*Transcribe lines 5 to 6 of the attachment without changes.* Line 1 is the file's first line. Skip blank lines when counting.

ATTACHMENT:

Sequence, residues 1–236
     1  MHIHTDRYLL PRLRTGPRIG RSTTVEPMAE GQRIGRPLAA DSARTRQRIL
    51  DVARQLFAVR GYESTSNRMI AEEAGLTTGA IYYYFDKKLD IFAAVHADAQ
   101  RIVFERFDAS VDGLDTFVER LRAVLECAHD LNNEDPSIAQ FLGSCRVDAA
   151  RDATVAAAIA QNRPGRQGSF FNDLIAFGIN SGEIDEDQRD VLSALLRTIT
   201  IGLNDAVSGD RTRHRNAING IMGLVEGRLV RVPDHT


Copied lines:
   151  RDATVAAAIA QNRPGRQGSF FNDLIAFGIN SGEIDEDQRD VLSALLRTIT
   201  IGLNDAVSGD RTRHRNAING IMGLVEGRLV RVPDHT